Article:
“That’s odd,” the political science professor observes. “The future looks awfully baffling.” He turns again toward the young woman. “Still, at least the divisive issue of abortion will be settled. You’ve won.”
Not So Fast
“Um, hold on a second there, Professor,” we say. “The abortion issue not only won’t be settled, it’ll be hanging over the country like never before. States will curtail access to abortions. Candidates will run on planks of little more than rolling back Roe v. Wade. In fact, as we left 2012 to come visit you here in 1973, the State of Indiana is fighting with the federal government over abortion. Governor Mitch Daniels and Republican legislators want to cut off Medicaid payments for low income women’s abortions. The feds say the state can’t do that but Indiana’s Attorney General Greg Zoeller has promised to fight for the cut off.
“In fact,” we add, “if states like Mississippi have their way, abortion will be outlawed, period.”
“But I thought you said the Supreme Court ruled in favor of Roe,” the young woman says, plaintively.
“Um, uh…, well, yeah,” we say. Then we shrug.
The people forming the semicircle around contemplate all this for a moment. Finally, the soft-spoken philosophy major breaks the silence. “You haven’t answered my question,” he says. “Have the people of 2012 achieved a state of higher consciousness?”
You and I glance at each other. Someone’s got to break the news to him. “Well kid,” I say at last, “you really don’t want to know.”
Electron Pencil event listings: Music, art, movies, lectures, parties, receptions, games, benefits, plays, meetings, fairs, conspiracies, rituals, etc.
◗ People’s Park — Lunch Concert Series, Scott Frye, acoustic country blues; 11:30am
◗ The Venue Fine Art & Gifts — The Art & Poetry of Shana Ritter; 6pm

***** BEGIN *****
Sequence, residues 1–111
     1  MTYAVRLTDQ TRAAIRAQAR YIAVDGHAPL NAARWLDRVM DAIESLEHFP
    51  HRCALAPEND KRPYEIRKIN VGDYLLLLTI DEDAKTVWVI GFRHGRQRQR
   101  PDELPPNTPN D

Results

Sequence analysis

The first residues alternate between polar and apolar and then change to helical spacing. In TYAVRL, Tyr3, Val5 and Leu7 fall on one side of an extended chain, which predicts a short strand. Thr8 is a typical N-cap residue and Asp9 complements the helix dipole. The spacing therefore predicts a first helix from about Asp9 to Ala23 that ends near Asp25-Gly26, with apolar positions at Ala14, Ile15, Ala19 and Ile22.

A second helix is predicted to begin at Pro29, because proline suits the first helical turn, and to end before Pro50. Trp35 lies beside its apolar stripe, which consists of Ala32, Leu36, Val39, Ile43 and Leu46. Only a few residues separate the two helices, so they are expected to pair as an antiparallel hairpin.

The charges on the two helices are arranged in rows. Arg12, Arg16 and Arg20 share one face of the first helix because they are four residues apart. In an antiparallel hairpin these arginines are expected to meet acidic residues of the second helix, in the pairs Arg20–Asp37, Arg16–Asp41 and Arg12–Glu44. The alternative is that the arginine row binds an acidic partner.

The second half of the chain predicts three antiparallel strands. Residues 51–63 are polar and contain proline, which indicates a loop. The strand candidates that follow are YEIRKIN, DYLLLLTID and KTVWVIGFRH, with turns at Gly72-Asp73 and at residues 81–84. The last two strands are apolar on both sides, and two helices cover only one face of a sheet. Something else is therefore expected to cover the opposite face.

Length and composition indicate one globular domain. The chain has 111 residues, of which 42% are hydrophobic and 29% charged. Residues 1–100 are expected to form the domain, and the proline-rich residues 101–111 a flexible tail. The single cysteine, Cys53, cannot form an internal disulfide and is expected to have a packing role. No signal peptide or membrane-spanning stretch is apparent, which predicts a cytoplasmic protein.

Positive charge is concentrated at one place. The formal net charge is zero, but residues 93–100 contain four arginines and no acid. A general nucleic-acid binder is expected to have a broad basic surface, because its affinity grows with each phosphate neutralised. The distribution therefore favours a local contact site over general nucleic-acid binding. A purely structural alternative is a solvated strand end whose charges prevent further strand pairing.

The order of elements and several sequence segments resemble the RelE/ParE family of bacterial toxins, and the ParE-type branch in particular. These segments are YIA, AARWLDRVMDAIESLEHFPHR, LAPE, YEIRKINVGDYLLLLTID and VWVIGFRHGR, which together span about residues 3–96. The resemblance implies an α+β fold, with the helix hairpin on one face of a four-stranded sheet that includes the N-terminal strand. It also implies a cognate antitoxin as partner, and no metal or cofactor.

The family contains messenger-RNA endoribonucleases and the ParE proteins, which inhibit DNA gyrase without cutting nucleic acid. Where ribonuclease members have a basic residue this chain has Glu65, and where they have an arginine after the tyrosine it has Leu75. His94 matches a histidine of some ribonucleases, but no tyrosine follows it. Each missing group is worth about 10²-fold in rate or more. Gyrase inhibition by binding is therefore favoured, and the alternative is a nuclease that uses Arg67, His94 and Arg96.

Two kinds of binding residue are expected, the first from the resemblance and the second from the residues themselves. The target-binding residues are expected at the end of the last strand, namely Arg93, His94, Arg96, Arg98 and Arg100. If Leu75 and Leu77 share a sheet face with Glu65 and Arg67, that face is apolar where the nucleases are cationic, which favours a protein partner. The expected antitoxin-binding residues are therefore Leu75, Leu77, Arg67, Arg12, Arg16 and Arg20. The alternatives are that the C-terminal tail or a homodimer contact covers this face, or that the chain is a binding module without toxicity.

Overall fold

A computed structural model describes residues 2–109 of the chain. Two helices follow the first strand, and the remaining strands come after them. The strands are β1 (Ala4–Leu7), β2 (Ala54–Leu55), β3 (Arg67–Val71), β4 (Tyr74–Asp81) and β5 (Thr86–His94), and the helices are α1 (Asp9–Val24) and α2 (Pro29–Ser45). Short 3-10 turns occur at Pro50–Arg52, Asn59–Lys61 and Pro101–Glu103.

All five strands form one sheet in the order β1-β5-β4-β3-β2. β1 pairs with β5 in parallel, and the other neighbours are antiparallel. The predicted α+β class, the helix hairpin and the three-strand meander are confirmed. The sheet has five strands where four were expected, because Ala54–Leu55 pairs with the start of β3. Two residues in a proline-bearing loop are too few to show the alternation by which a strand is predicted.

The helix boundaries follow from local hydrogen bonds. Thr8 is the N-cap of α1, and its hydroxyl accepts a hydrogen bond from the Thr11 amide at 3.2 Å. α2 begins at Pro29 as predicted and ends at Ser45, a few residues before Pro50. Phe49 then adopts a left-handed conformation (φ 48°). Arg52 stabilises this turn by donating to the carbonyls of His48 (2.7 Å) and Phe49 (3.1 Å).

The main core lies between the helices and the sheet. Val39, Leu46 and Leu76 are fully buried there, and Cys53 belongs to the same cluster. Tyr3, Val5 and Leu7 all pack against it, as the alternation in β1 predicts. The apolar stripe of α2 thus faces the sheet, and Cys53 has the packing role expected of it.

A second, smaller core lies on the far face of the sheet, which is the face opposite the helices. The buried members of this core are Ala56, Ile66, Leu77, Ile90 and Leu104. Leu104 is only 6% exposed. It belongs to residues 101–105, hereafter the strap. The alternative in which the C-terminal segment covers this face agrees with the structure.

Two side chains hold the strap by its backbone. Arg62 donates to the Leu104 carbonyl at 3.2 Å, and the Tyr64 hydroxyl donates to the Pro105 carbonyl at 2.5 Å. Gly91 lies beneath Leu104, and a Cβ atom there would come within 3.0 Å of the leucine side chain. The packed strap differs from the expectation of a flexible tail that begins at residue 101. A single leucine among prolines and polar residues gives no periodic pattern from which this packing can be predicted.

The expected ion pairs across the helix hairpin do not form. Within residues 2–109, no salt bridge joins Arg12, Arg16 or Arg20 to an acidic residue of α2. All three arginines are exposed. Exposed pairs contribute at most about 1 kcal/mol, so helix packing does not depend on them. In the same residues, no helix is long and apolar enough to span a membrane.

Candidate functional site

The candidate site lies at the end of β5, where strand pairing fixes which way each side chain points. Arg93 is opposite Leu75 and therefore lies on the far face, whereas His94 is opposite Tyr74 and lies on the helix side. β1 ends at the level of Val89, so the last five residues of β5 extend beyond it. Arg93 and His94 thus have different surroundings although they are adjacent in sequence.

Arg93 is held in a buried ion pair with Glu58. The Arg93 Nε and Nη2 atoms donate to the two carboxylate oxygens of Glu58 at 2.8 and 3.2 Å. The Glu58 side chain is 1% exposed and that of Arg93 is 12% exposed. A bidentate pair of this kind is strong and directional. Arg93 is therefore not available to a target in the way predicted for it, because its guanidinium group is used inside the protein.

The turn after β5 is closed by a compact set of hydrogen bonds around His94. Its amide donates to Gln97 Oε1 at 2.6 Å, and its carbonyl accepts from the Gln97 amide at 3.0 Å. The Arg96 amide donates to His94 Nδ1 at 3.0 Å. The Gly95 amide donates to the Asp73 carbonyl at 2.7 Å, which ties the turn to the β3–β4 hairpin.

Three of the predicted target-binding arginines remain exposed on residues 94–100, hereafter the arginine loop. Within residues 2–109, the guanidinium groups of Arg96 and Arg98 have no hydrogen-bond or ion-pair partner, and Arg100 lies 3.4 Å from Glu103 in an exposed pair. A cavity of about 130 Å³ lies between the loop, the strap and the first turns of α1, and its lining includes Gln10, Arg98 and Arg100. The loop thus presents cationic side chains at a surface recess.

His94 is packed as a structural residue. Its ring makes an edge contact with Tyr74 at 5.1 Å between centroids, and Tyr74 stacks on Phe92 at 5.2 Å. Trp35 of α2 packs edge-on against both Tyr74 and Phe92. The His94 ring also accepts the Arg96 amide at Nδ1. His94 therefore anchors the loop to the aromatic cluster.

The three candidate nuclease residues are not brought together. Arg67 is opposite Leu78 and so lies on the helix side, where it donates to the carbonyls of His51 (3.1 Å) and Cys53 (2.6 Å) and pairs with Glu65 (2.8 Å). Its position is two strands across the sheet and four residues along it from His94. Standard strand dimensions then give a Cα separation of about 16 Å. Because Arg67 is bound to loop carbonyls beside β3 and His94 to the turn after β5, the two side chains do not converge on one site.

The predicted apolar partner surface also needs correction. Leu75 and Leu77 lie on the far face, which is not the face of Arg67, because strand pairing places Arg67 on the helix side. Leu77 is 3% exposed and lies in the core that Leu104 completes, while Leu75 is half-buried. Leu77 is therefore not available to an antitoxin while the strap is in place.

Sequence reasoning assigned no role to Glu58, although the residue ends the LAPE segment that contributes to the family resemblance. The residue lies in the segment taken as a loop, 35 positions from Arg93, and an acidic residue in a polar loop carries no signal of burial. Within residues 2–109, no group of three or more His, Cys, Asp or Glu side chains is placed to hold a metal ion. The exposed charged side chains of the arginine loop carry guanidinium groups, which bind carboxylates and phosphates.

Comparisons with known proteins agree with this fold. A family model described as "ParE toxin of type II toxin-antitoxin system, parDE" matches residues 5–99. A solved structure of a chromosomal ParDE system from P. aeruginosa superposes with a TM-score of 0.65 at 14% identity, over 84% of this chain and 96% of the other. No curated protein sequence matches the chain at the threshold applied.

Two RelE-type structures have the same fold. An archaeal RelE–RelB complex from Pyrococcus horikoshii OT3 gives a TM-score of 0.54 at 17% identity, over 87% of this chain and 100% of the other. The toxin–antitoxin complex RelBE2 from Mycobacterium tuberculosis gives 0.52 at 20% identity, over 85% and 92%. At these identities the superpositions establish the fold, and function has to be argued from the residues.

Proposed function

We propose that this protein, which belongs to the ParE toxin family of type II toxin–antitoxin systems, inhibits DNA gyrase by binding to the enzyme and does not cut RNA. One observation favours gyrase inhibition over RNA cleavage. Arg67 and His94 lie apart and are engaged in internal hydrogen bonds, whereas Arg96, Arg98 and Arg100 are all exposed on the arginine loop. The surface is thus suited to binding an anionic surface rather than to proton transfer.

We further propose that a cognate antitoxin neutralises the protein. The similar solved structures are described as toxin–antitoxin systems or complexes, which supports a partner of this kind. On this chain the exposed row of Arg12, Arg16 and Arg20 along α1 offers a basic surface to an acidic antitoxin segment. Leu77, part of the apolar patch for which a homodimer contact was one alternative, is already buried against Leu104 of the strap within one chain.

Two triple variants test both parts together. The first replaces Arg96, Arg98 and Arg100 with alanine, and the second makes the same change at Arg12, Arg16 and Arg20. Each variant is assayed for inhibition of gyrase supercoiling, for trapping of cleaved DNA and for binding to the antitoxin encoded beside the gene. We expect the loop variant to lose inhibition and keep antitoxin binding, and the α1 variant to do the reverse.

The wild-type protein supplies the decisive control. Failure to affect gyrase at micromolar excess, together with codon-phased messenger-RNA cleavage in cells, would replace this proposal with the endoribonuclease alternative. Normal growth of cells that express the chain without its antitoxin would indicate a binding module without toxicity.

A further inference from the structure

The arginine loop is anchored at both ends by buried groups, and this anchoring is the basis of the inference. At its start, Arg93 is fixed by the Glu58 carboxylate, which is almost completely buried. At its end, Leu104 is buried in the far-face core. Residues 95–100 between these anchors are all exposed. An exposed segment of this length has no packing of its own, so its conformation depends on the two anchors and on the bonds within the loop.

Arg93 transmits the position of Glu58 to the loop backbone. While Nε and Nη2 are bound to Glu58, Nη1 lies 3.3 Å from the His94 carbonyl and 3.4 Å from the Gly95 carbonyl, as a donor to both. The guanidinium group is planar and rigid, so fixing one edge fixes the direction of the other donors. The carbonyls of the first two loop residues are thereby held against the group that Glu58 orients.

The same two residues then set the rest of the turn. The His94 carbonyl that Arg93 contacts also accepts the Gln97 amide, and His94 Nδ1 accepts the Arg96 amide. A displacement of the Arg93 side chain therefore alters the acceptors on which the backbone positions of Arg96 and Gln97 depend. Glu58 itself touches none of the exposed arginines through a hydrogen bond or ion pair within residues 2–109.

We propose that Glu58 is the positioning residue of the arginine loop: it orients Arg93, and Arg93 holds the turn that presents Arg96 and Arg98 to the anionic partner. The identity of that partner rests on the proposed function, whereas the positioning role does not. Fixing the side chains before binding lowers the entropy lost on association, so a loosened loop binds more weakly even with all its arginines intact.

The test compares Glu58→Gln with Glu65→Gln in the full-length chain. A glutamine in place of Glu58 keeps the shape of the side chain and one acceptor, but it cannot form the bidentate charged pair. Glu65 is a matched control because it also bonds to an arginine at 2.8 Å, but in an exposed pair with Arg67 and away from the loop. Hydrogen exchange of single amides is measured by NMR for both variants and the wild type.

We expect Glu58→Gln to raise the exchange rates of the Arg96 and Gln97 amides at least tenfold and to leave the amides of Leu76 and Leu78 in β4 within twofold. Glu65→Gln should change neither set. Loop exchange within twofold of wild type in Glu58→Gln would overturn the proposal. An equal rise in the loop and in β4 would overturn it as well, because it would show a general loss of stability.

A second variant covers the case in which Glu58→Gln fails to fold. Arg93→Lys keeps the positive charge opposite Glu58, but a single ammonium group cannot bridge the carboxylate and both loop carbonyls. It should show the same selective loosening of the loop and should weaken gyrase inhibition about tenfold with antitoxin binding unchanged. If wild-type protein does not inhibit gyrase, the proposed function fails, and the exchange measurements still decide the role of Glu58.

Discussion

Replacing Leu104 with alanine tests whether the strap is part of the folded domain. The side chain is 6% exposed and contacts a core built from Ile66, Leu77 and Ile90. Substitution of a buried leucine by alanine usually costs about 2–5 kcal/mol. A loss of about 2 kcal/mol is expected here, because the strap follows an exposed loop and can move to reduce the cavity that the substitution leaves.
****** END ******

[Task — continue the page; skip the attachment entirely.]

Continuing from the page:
◗ Jake’s Nightclub — Karaoke; 6pm
◗ Muddy Boots Cafe, Nashville — Ken Wilson; 6-8:30pm
◗ IU Ford-Crawford Hall — Summer Music Series, The Steve Houghton Trio; 7pm
◗ IU Auer Hall — Summer Music Series, Chamber music by the Cecilia String Quartet; 8pm
Cecilia String Quartet
◗ The Root Cellar at Farm Bloomington — Team trivia; 8pm
◗ The Player’s Pub — Blues Jam hosted by King Bee & the Stingers; 8pm
◗ The Bluebird — Bloomington’s Got Talent, hosted by Leo Cook; 9pm
◗ Ivy Tech Waldron Center — Exhibits:
- John D. Shearer, “I’m Too Young For This @#!%”; through July 30th
- Claire Swallow, ‘Memoir”; through July 28th
- Dale Gardner, “Time Machine”; through July 28th
- Sarah Wain, “That Takes the Cake”; through July 28th
- Jessica Lucas & Alex Straiker, “Life Under the Lens — The Art of Microscopy”; through July 28th
◗ IU Art Museum — Exhibits:
- Qiao Xiaoguang, “Urban Landscape: A Selection of Papercuts” ; through August 12th
- “A Tribute to William Zimmerman,” wildlife artist; through September 9th
- Willi Baumeister, “Baumeister in Print”; through September 9th
- Annibale and Agostino Carracci, “The Bolognese School”; through September 16th
- “Contemporary Explorations: Paintings by Contemporary Native American Artists”; through October 14th
- David Hockney, “New Acquisitions”; through October 21st
- Utagawa Kuniyoshi, “Paragons of Filial Piety”; through fall semester 2012
- Julia Margaret Cameron, Edward Weston, & Harry Callahan, “Intimate Models: Photographs of Husbands, Wives, and Lovers”; through December 31st
- “French Printmaking in the Seventeenth Century”; through December 31st
◗ IU SoFA Grunwald Gallery — Exhibits:
- Kinsey Institute Juried Art Show; through July 21st
- Bloomington Photography Club Annual Exhibition; July 27th through August 3rd
◗ IU Kinsey Institute Gallery — “Ephemeral Ink: Selections of Tattoo Art from the Kinsey Institute Collection”; through September 21st
◗ IU Lilly Library — Exhibit, “Translating the Canon: Building Special Collections in the 21st Century”; through September 1st
◗ IU Mathers Museum of World Cultures — Closed for semester break
◗ Monroe County History Center — Exhibits:
- “What Is Your Quilting Story?”; through July 31st
- Photo exhibit, “Bloomington: Then and Now” by Bloomington Fading; through October 27th